Kenya Spur Afrika 2021 - Training

“Whatever things are true, whatever things are honorable, whatever things are right, whatever things are pure, whatever things are pleasing, whatever things are commendable, if there is any excellence of character and if anything praiseworthy, think about these things.” (Philippians 4:8 LEB)

“三人行,则必有我师. 择善而从” (“In a group of three, there must be one who can teach me. Choose what is good, and follow it.” Analects of Confucius)

On 6th January, Spur Afrika held a training day at the Spur Centre in Kibera for its workers. Rosalie presented a fun interactive session (developed by Deb Doan, thank you! Deb has developed so many training sessions for Spur Afrika) on team bonding, conflict resolution and psychological safety. The session included exploration of what ways Spur Afrika members depended (or not) on each other, feelings of belonging within the team, safety when expressing disagreement and how team achievements could be celebrated. I was invited to talk (again!) about monitoring and evaluation plans and reporting, and how they fit into a project management framework. I was particularly pleased that the newest team member, Andrew, immediately sought and participated in an extra half-hour tutorial after the three hour training session!

Spur Afrika aims to equip children, their families and - more recently - local communities. In addition, Spur Afrika and its volunteers have - over the years - equipped Spur Afrika workers in skills such as team building, understanding of psychological issues and risk management. Plans for future skills training includes understanding of learning difficulties among children.

Careful and appropriate use of ‘worldly wisdom’ is encouraged by Paul in his letter to the Philippians. The Philippians are encouraged to think upon whatever is true, honourable, right, pure, pleasing, commendable, praiseworthy and of excellent character. Paul, when warned of danger, took appropriate ‘worldly’ steps to mitigate the risk (Acts 23:12-24). And certainly skills training in teamwork and understanding of barriers to education (such as psychological issues and learning difficulties) aid the work of Spur Afrika in supporting children.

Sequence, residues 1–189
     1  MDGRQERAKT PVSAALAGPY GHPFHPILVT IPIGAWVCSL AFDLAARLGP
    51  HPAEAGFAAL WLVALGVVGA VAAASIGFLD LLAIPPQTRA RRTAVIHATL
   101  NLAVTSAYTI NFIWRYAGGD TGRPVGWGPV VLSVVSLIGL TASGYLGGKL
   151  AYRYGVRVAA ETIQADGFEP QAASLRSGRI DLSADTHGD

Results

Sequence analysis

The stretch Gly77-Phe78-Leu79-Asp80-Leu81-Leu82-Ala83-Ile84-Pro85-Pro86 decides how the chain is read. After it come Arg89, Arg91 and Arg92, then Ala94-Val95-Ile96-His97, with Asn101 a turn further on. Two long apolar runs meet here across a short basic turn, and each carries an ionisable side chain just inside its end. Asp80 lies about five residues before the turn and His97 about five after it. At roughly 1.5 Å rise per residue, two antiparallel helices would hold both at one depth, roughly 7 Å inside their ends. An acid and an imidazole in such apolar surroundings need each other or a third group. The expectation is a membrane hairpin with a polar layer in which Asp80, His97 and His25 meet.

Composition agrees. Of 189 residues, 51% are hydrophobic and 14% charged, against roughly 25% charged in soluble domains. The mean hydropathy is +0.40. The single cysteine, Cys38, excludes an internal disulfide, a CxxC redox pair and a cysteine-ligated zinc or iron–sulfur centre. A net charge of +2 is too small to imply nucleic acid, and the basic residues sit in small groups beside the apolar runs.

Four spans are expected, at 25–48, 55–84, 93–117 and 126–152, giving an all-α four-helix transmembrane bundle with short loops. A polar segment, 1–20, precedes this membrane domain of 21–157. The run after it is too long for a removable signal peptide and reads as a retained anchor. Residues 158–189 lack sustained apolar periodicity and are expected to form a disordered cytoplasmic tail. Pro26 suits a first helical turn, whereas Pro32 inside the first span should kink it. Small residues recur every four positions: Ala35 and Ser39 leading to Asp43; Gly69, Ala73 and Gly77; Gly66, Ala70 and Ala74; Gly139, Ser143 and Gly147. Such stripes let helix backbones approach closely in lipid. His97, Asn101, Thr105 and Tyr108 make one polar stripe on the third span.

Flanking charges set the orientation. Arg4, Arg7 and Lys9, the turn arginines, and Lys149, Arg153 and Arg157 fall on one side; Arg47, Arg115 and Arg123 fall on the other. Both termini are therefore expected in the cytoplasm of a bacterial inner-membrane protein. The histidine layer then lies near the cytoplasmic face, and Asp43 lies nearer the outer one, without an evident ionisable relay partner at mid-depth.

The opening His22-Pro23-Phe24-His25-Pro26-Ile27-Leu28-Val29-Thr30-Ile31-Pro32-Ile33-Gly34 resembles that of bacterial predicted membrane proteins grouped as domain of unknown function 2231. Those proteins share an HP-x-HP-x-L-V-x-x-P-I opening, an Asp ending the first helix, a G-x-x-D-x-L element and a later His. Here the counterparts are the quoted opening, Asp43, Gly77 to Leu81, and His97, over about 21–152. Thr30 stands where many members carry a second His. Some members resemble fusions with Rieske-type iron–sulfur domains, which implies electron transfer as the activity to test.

But in the Kingdom of Christ, worldly wisdom is sometimes turned on its head! Jesus died and was crucified between two ‘lestes’ (Mark 15:27). ‘Lestes’ is sometimes translated as ‘robbers’. But ‘lestes’ is also the word used to describe Barabbas (John 18:40), the prisoner who was released by Pilate in preference over Jesus. Barabbas was described as committing murder in a rebellion (Mark 15:7), and the term ‘lestes’ in non-Biblical writings (e.g. Josephus) is used to describe other violent revolutionaries.

So it appears that Jesus and the ‘lestes’ were both working towards a new kingdom, a new world order, but had radically different ways of achieving this! The ‘lestes’ sought to emulate the traditional tools of power and violence. Whereas Jesus, more subversively, used the way of servanthood and love.

Spur Afrika supports the education and development of children, families and communities. Whilst the Spur Afrika staff encourage good academic results among the children, Spur does not select children to support based on prior academic performance. When I asked, during training sessions, what Spur Afrika team members thought the desired ‘impact’ of their program is, they didn’t just say the typical ‘economic’ goals of graduation and finding a job. Instead, their desired impact is help children develop strength of character and contribute back to their community.

“…要追求公义、敬虔、信心、爱心、忍耐和温柔,要为真道打美好的仗,要持定永生。你是为永生蒙召的,并在许多见证人面前做过美好的见证。” (提摩太前书 6:11-12 CCB) (“…pursue righteousness, godliness, faith, love, patient endurance, gentleness. Fight the good fight of the faith; take hold of the eternal life to which you were called, and confessed the good confession in the presence of many witnesses.”)

Spur Afrika trip 2021-2022 posts

David Fong
David Fong
Lead doctor, Kensington site, coHealth

My interests include sustainable development in low-resource populations, teaching and the uses of monitoring and evaluation in clinical practice.